The SOLO-2 study was unique in that it accrued BRCA1 and BRCA2 mutation carriers only, she said. Patients had at least 2 prior lines of platinum therapy and demonstrated sensitivity to it. Dosage was 300 mg twice daily. The olaparib group (n = 196) had a median PFS of 19.1 months versus 5.5 months for those on placebo (HR, 0.30; 95% CI, 0.22-0.41; P <.0001).
STUDY 19 enrolled patients with platinum-sensitive, high-grade serous ovarian cancer and ≥2 previous platinum regimens. Of 265 recruited, 22% were BRCA-positive and 14% were BRCA-negative. The Olaparib dosage was 400 mg orally twice daily with treatment until disease progression. In the primary analysis, median PFS was 8.4 months for olaparib and 4.8 months for placebo (HR, 0.35; 95% CI, 0.25-0.49; P <.001). Campos noted that this study was particularly significant because it accepted all comers, whether they were BRCA carriers or not.
ARIEL3 was a phase III randomized trial of rucaparib versus placebo in patients with ovarian cancer who had responded to platinum therapy. In the BRCAm subgroup, median PFS was 16.6 months for rucaparib and 5.4 months for placebo; for patients in the HRD BRCA germline or somatic group, the median PFS was 13.6 months versus 5.4 months; and in a third group that included germline or somatic BRCAm plus BRCA wild-type, the median PFS was 10.8 months for patients on rucaparib versus 5.4 months for those on placebo.
Although the trials produced striking efficacy data, “it’s also important to balance [treatment decisions] with knowledge of toxicity, and, in truth, all PARP inhibitors share some common toxicities in terms of gastrointestinal toxicities, as well as hematological adverse events [AEs],” Campos said. Common AEs included anemia, neutropenia, and thrombocytopenia. “Thrombocytopenia was seen a bit frequently in the NOVA trial very early on, but it was clearly attenuated with a dose reduction, so that is quite important.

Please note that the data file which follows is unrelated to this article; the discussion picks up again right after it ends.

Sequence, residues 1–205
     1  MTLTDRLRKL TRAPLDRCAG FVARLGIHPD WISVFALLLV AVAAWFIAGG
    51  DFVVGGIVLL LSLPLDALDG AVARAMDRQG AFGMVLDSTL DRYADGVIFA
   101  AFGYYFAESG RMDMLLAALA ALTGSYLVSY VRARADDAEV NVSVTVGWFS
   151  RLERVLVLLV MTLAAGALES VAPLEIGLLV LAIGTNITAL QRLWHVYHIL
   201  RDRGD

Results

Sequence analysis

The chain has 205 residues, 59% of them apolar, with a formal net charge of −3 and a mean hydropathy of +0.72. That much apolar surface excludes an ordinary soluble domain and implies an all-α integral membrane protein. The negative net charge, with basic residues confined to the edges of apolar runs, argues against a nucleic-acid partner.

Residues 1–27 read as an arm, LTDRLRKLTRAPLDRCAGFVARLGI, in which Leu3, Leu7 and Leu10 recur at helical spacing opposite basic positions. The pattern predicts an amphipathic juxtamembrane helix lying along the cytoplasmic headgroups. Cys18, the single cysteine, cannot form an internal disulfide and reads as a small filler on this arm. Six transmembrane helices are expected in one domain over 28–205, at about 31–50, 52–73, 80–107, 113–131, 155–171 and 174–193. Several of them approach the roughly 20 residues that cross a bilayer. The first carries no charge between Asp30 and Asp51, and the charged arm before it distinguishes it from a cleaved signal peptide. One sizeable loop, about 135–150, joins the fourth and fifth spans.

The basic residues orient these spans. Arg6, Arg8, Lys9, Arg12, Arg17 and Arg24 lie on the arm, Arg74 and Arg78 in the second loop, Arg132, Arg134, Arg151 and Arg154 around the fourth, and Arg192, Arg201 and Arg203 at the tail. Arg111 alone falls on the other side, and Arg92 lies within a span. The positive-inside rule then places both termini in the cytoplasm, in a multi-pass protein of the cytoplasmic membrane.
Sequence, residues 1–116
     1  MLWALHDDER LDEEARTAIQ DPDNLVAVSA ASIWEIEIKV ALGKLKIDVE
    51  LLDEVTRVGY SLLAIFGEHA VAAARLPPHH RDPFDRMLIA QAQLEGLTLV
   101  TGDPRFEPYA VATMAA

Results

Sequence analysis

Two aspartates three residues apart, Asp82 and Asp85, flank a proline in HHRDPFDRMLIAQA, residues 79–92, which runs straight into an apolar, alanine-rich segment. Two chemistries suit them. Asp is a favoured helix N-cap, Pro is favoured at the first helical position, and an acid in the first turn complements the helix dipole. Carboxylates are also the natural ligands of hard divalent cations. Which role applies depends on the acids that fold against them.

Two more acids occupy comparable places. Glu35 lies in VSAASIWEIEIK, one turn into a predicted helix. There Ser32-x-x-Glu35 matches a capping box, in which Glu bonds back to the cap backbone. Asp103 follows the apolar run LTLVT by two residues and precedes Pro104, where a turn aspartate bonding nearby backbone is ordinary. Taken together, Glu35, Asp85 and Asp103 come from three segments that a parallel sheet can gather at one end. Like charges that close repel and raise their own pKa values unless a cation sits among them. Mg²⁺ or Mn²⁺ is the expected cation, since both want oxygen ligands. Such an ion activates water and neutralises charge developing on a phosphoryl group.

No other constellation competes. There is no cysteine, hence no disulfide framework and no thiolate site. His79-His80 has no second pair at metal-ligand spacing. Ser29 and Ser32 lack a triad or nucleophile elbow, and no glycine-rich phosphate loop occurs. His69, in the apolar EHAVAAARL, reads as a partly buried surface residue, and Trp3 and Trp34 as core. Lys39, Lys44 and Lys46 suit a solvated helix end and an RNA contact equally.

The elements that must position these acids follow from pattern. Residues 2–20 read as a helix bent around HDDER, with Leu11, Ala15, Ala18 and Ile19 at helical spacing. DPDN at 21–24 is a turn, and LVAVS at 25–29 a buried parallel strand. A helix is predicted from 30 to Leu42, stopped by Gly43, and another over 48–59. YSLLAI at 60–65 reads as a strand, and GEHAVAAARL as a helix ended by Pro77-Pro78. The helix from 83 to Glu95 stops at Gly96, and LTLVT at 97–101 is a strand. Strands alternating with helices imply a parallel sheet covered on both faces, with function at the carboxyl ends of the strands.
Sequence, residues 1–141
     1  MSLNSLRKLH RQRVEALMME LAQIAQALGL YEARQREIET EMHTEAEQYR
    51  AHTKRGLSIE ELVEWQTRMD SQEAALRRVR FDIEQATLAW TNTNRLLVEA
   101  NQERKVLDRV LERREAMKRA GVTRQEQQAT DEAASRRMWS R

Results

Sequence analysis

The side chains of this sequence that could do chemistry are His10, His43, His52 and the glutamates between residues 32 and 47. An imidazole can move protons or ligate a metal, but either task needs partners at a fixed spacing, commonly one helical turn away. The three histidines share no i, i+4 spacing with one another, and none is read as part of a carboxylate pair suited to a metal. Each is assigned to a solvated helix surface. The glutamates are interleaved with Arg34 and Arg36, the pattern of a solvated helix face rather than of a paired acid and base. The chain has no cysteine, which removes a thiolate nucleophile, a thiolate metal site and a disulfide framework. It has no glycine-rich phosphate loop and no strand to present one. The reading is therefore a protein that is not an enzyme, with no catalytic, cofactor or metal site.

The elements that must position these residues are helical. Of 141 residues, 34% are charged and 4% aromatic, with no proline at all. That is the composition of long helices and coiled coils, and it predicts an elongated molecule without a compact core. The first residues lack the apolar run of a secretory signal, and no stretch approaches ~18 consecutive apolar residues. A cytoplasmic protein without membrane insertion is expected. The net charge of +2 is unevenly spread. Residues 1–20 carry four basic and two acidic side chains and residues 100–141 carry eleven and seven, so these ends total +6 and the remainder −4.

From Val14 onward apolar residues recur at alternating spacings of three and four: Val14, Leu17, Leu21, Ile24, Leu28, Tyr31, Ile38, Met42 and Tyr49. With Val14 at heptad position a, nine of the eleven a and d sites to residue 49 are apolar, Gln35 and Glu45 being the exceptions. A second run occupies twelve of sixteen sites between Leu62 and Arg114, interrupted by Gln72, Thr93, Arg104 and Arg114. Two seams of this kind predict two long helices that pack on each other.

“There are other toxicities that can be unique to 1 or 2 particular agents, and as you tailor these drugs to your patients, knowing these toxicities is extremely important,” Campo continued. Metabolic effects and drug-to-drug interactions are also important to understand, she noted.
“We want these drugs in the up-front setting,” Campo said, adding that the question is whether past and ongoing trial activity will provide the necessary evidence for doing so. Other riddles need to be solved, too, such as how the mechanisms of resistance to PARP inhibitors work and whether PARP inhibitors can be used after PARP inhibitors. “The elephant in the room is, how can testing strategies for BRCAm or non-BRCAm ovarian cancer be used to personalize treatment strategies?” she said.
Nevertheless, there’s enough ongoing trial activity to guarantee that some answers will emerge. “We often think of patients we could have given these drugs to many years ago and didn’t have them to give. It’s a very exciting time in the management of ovarian cancer,” Campos concluded.
Dandelion Toolkit Increases Understanding in Patients With Newly Diagnosed Metastatic Disease
Meg Barbor, MPH